This example is a short introduction to using `R` for PCA analysis.
The data are scores on various olympic decathlon events for 33 athletes.
It is contained in the package `ade4`.

library(ade4)

## Attaching package: 'ade4'

## The following object(s) are masked from 'package:base': ## ## within

data(olympic) summary(olympic$tab)

## 100 long poid haut ## Min. :10.6 Min. :6.22 Min. :10.3 Min. :1.79 ## 1st Qu.:11.0 1st Qu.:7.00 1st Qu.:13.2 1st Qu.:1.94 ## Median :11.2 Median :7.09 Median :14.1 Median :1.97 ## Mean :11.2 Mean :7.13 Mean :14.0 Mean :1.98 ## 3rd Qu.:11.4 3rd Qu.:7.37 3rd Qu.:15.0 3rd Qu.:2.03 ## Max. :11.6 Max. :7.72 Max. :16.6 Max. :2.27 ## 400 110 disq perc ## Min. :47.4 Min. :14.2 Min. :34.4 Min. :4.00 ## 1st Qu.:48.3 1st Qu.:14.7 1st Qu.:39.1 1st Qu.:4.60 ## Median :49.1 Median :15.0 Median :42.3 Median :4.70 ## Mean :49.3 Mean :15.0 Mean :42.4 Mean :4.74 ## 3rd Qu.:50.0 3rd Qu.:15.4 3rd Qu.:44.8 3rd Qu.:4.90 ## Max. :51.3 Max. :16.2 Max. :50.7 Max. :5.70 ## jave 1500 ## Min. :49.5 Min. :257 ## 1st Qu.:55.4 1st Qu.:266 ## Median :59.5 Median :272 ## Mean :59.4 Mean :276 ## 3rd Qu.:64.0 3rd Qu.:286 ## Max. :72.6 Max. :303

The biplot gives a graphical summary of both cases (athletes) in terms
of `scores` and the variables in terms of `loadings`.

pca.olympic = princomp(olympic$tab) biplot(pca.olympic)

From this plot, we see that the first principal component is positively associated with longer times on the 1500. So, slower runners will have higher value on this component.

data.frame(olympic$tab[, "1500"], pca.olympic$scores[, 1])

## olympic.tab....1500.. pca.olympic.scores...1. ## 1 268.9 -6.074 ## 2 273.0 -2.678 ## 3 263.2 -12.350 ## 4 285.1 9.527 ## 5 256.6 -19.567 ## 6 274.1 -2.312 ## 7 291.2 15.048 ## 8 265.9 -10.023 ## 9 269.6 -5.977 ## 10 292.2 16.717 ## 11 295.9 20.036 ## 12 256.7 -18.720 ## 13 257.9 -18.561 ## 14 269.0 -6.525 ## 15 267.5 -8.326 ## 16 268.5 -7.400 ## 17 302.4 27.956 ## 18 286.0 10.557 ## 19 262.4 -14.220 ## 20 277.8 2.264 ## 21 266.4 -9.508 ## 22 262.9 -13.229 ## 23 272.7 -2.996 ## 24 277.8 1.099 ## 25 285.6 8.574 ## 26 270.1 -6.798 ## 27 261.9 -15.095 ## 28 303.2 27.202 ## 29 272.1 -4.895 ## 30 293.9 17.291 ## 31 295.0 19.235 ## 32 293.7 16.966 ## 33 270.0 -7.218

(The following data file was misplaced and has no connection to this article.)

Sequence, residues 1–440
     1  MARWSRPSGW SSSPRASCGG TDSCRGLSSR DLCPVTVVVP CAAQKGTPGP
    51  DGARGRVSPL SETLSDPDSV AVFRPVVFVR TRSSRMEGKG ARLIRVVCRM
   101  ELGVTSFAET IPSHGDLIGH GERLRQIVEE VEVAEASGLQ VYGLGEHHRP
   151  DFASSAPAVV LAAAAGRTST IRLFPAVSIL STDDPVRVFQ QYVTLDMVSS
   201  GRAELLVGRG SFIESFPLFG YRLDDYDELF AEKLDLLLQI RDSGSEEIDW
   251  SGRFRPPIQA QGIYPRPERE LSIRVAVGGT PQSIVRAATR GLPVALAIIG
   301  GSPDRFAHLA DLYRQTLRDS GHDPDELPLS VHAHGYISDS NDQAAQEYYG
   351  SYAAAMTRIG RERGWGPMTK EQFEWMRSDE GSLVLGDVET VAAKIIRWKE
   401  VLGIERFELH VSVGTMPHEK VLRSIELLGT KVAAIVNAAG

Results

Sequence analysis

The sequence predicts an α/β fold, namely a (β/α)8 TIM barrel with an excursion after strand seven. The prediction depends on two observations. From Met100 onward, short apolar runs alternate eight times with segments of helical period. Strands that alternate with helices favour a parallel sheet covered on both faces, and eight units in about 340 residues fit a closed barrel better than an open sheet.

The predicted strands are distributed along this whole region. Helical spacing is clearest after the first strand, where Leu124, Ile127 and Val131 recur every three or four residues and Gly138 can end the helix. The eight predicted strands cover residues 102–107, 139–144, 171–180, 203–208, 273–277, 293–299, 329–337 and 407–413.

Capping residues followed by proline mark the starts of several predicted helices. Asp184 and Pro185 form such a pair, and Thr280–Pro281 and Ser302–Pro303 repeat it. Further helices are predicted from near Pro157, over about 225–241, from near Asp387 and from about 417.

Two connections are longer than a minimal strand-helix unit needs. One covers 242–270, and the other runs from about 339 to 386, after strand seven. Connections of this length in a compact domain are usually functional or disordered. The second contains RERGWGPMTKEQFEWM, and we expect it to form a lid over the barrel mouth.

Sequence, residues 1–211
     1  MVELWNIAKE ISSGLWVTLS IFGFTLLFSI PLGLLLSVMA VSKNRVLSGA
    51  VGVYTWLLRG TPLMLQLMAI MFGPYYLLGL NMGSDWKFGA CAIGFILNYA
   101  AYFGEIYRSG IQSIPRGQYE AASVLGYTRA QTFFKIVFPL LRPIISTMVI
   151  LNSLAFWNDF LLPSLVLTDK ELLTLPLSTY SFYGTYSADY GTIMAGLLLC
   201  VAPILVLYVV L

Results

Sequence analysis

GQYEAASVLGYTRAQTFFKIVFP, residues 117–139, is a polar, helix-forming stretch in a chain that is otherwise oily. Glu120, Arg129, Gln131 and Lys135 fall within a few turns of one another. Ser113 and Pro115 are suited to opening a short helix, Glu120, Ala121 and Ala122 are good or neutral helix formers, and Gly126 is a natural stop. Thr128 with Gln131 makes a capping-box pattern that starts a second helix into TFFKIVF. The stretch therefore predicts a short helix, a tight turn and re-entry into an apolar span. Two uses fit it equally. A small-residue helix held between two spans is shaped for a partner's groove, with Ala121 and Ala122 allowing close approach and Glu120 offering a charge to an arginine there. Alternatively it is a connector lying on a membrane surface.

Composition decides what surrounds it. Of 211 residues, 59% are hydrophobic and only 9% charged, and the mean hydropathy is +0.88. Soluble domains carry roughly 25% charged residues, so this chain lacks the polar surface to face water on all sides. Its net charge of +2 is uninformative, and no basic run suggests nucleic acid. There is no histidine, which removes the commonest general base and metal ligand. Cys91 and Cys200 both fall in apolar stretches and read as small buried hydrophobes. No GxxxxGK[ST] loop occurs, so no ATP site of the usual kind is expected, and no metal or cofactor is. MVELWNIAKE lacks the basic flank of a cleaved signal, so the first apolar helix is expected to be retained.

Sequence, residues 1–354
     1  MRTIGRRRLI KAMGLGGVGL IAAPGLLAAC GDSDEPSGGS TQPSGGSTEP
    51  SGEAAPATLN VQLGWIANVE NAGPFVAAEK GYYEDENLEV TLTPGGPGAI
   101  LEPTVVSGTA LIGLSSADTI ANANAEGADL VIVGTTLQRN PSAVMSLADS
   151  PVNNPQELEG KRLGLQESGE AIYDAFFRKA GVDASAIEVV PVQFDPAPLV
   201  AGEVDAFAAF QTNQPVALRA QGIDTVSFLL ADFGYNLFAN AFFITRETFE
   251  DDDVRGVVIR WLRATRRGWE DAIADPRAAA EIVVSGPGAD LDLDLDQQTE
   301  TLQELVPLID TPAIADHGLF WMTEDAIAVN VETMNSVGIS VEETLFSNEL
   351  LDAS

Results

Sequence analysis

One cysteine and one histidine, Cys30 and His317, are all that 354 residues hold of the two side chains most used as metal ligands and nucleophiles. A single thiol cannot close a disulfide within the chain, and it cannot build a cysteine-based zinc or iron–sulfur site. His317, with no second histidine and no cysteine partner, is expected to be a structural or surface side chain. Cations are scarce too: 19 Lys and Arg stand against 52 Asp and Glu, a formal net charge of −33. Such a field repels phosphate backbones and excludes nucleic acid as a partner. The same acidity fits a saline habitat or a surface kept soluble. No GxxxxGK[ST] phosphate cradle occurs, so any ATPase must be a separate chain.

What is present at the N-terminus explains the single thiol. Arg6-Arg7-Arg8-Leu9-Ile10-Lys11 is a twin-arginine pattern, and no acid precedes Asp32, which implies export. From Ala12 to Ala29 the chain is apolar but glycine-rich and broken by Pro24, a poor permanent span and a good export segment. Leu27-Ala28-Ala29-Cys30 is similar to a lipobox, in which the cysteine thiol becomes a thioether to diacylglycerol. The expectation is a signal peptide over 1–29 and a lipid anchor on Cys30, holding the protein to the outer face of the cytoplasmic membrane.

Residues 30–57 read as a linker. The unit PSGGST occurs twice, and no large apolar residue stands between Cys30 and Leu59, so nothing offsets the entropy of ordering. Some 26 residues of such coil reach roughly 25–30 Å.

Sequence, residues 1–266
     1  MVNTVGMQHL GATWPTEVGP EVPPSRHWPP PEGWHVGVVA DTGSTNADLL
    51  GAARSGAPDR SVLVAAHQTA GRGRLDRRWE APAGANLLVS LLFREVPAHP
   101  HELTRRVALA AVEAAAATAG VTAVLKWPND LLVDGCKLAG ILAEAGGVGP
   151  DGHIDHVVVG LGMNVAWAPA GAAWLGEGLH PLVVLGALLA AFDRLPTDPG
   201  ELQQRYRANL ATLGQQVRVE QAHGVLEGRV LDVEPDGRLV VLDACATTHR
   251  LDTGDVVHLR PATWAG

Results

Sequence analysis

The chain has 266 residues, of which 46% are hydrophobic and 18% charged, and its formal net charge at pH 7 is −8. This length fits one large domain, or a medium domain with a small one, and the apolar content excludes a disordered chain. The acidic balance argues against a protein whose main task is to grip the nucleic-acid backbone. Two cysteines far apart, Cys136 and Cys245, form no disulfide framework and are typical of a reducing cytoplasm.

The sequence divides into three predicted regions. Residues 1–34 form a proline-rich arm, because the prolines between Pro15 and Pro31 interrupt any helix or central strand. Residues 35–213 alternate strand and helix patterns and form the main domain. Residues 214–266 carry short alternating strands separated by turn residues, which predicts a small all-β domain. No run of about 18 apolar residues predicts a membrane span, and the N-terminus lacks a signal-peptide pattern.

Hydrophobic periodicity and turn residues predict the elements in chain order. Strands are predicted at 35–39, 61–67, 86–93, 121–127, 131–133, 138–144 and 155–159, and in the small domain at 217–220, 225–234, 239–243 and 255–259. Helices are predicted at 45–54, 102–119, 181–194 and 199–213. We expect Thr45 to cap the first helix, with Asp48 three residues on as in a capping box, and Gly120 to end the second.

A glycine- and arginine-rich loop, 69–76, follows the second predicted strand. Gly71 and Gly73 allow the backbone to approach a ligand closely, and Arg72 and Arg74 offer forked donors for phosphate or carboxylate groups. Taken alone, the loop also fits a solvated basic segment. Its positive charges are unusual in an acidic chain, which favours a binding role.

plot(olympic$tab[, "1500"], pca.olympic$scores[, 1], pch = 23, bg = "red", cex = 2)

Also, the second principal component is associated with strength in the form of a long javelin throw.

plot(olympic$tab[, "jave"], pca.olympic$scores[, 2], pch = 23, bg = "red", cex = 2)

Standardizing

In the previous example, we saw that the two variables were based
somewhat on speed and strength. However, we did not scale the variables
so the 1500 has much more weight than the 400, for instance. We correct
this by passing the `cor=TRUE` argument, which defaults to `FALSE`,
as an argument to `princomp`.

pca.olympic = princomp(olympic$tab, cor = TRUE) biplot(pca.olympic)

This plot reinforces our earlier interpretation and has put the running events on an “even playing field” by standardizing.

pca.olympic$loadings[, 1]

## 100 long poid haut 400 110 disq perc jave ## 0.4159 -0.3941 -0.2691 -0.2123 0.3558 0.4335 -0.1758 -0.3841 -0.1799 ## 1500 ## 0.1701

pca.olympic$loadings[, 2]

## 100 long poid haut 400 110 disq perc ## 0.14881 -0.15208 0.48354 0.02790 0.35216 0.06957 0.50333 0.14958 ## jave 1500 ## 0.37196 0.42097

Since the first variable seems related to speed, we should not be surprised that an increase in this variable decreases the overall decathlon score.

plot(pca.olympic$scores[, 1], olympic$score, xlab = "Comp. 1", pch = 23, bg = "red", cex = 2)